Exploring growth trends & cultural shifts
Rising lumber costs, decreased supply yield headaches for builders and customers
Whether you’re a large contractor with job sites throughout Madison County or a homeowner who’s trying to build a house for your young family while staying within budget, it’s the same frustration: building costs have soared, supply has dwindled and it’s hard to plan for the future.
On the national level, “the change in lumber costs between April 2020 and April 2021 added more than $35,000 to the price of an average new home,” according to Linda Revenaugh, executive officer of Southwest Montana Building Industry Association. “Builders are dealing with widespread shortages not only of many materials, but also of labor, as the number of open construction jobs nationally increased to 357,000 in April,” she noted.
If you were to ask Ennis Lumber co-owner Kyle Marsh if he agrees with this assessment, his answer would likely be a resounding “yes.” In fact, said Marsh, those trends may be even more pronounced in rural areas like Madison County.
“No matter what you buy, it has to come in on a truck. Freight prices are higher in rural areas like ours,” Marsh explains. “For us, for some lumber items, prices have been six times higher than before Covid.”
While commodity prices have shown a slight dip in recent weeks, Marsh says change at the source point hasn’t translated to retailers yet. Since prices climbed so high in the last year, they have a long way to go before they are back to pre-Covid numbers. Lumber prices more than doubled between May 2020 and May 2021, according to the U.S. Dept. of Labor producer price index.
“On paper, prices have gone down slightly. In reality, because of shortages, we haven’t seen lower prices yet,” Marsh says.
What’s the reason for these shortages that ultimately mean higher costs? A number of factors could be converging to make building materials both scarce and expensive:
• Pent-up demand – Covid may have changed both working and lifestyle patterns. We’re seeing the effects of this phenomenon in Madison County. Both employers and employees have adjusted to the idea of working remotely, freeing up many people to move to places with an outdoors appeal like Montana. More demand for housing in spots like Madison County means more need for lumber to build or renovate houses, placing pressure on builders and suppliers alike.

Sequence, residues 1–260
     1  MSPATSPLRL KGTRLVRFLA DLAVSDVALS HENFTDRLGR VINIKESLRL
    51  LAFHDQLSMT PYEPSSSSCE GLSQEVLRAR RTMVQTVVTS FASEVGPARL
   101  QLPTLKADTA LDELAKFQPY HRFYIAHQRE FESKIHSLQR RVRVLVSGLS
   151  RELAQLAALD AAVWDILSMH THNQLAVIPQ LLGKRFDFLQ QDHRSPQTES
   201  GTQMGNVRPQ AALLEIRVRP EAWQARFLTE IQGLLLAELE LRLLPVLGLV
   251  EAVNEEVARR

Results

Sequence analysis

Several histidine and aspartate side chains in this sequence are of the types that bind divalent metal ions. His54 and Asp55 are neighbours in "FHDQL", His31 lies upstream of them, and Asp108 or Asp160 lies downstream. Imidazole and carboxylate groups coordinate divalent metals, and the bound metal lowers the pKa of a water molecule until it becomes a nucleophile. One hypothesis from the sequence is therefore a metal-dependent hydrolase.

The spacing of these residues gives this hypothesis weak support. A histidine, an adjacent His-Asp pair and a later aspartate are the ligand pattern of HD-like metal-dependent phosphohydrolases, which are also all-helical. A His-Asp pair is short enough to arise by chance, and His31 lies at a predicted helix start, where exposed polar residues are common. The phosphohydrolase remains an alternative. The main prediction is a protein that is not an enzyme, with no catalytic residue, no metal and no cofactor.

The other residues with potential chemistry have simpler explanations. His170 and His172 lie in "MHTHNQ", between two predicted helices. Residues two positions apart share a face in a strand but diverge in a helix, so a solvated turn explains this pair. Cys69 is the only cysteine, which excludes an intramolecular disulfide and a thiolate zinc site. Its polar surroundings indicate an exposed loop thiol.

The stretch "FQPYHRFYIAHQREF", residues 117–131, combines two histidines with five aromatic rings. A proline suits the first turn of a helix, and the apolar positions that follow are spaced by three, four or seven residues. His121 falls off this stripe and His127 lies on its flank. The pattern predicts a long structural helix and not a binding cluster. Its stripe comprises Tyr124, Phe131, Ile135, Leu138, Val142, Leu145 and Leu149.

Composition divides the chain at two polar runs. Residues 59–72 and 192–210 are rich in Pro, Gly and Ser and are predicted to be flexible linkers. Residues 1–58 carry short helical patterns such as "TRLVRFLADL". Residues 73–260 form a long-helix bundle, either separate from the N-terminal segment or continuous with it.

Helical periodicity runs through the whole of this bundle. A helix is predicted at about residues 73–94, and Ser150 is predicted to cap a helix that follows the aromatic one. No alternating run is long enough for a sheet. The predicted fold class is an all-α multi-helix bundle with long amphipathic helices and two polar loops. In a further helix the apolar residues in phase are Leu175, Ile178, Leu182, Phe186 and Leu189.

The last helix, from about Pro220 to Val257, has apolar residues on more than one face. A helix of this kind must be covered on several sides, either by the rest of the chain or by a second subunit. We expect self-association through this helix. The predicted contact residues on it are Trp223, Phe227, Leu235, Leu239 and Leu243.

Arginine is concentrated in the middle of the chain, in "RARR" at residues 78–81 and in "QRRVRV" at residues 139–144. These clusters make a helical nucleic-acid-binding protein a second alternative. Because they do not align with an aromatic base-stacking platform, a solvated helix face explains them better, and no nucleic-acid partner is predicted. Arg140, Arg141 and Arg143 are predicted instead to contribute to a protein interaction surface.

• Supply chain interruptions – Many sawmills and factories were shuttered during the worst of the pandemic. While manufacturing operations are resuming, there is a big gap between board feet being produced against long-standing orders.
• Slow deliveries – labor shortages are plaguing many businesses in Madison County, from restaurants to hospitals. The trucks that bring building materials from the sawmills to local builders have to be driven by certified drivers, and they are in short supply – by some accounts by nearly one million drivers.
“One of my customers waited a year to have custom windows built and delivered,” said Scott Gossard, owner of JDL Construction in Sheridan.
“This climate is definitely a challenge to my business,” says Gossard, who bought the 43-year-old company in 2017. “You can quote your best estimate to a customer, but you can’t know how long it will be accurate.”
Gossard says if lumber prices are coming down, he hasn’t seen it yet. “This volatility has had a significant impact on customers. Some homeowners have delayed projects because of high commodity prices.”
He adds that labor shortages throughout the industry compound the situation. “We’re advertising nationally on websites like Indeed, and on Facebook,” Gossard says, noting he would like to fill a number of open construction jobs.
Homebuyers and people building custom homes are being shaken by building trends.
Brenda Funke grew up in Ennis. She and her husband, Cameron, bought land in Ennis in early 2021 and started building a home for themselves and their two children this spring.
“Budgeting has been tricky,” Funke said. “Our builder expected price increases and added 15% on top of our budget. Still, we had to give up some features, such as peaks on the house because of lumber costs.”
They’re also experiencing delays due to shortages and slow deliveries. The Funke’s roofing is on back order, and there’s a six-month wait on cabinets.
Funke says she and her husband have been able to handle the uncertainties around price and timeline for two reasons. “Local businesses have been great about working with us. Finish Factory, a local supplier of cabinets, alerted us about expected price increases in time to place our orders before they went up.”
Secondly, she and her family are grateful to own a nice piece of land, and they know the house, when completed, will be a wonderful home.
“We stay busy with work and with my daughter rodeoing, and know it will happen,” she said.
Have the high prices and long construction timelines deterred people from buying or building homes in Madison County?
Not really, according to Dawn Myrvik, a realtor with Pure West in Ennis. While the pace of real estate transactions doesn’t seem to have slowed down, she says “some buyers have decided to buy homes instead of building right now. Others may be waiting to start building when things adjust a little, but sales of land and homes remain very strong.”
“We do have a shortage of inventory,” Myrvik notes.
Will the future bring stabilization and a return to “normal” times for Madison County’s important building industry? The forces at play are not likely to retreat soon. Demand will probably continue while labor and supply shortages remain. Inflation is another wild card.
In the meantime, as Scott Gossard said, you recognize the realities and “always be transparent with clients and communicate what we’re seeing in the market now.”
Next week’s The Madisonian will look at how Madison County employers are managing around a labor shortage.